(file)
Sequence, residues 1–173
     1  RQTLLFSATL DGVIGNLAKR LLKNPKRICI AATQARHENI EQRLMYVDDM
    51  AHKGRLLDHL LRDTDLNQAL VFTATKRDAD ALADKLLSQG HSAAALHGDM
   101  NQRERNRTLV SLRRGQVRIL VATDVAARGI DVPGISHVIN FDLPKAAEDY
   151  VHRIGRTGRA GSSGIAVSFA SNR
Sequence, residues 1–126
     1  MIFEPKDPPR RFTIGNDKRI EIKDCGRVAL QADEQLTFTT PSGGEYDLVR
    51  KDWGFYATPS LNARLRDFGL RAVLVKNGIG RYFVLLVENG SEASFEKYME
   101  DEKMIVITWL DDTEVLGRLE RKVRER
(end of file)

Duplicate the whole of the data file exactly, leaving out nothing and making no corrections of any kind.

Sequence, residues 1–173
     1  RQTLLFSATL DGVIGNLAKR LLKNPKRICI AATQARHENI EQRLMYVDDM
    51  AHKGRLLDHL LRDTDLNQAL VFTATKRDAD ALADKLLSQG HSAAALHGDM
   101  NQRERNRTLV SLRRGQVRIL VATDVAARGI DVPGISHVIN FDLPKAAEDY
   151  VHRIGRTGRA GSSGIAVSFA SNR
Sequence, residues 1–126
     1  MIFEPKDPPR RFTIGNDKRI EIKDCGRVAL QADEQLTFTT PSGGEYDLVR
    51  KDWGFYATPS LNARLRDFGL RAVLVKNGIG RYFVLLVENG SEASFEKYME
   101  DEKMIVITWL DDTEVLGRLE RKVRER